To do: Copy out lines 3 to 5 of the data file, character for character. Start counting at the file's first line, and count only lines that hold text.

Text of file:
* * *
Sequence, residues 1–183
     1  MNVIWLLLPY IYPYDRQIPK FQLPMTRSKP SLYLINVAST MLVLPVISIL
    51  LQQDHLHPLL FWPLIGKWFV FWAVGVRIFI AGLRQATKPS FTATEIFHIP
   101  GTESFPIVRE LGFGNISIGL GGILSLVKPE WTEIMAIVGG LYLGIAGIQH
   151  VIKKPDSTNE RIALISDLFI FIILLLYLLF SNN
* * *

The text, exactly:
    51  LQQDHLHPLL FWPLIGKWFV FWAVGVRIFI AGLRQATKPS FTATEIFHIP
   101  GTESFPIVRE LGFGNISIGL GGILSLVKPE WTEIMAIVGG LYLGIAGIQH
   151  VIKKPDSTNE RIALISDLFI FIILLLYLLF SNN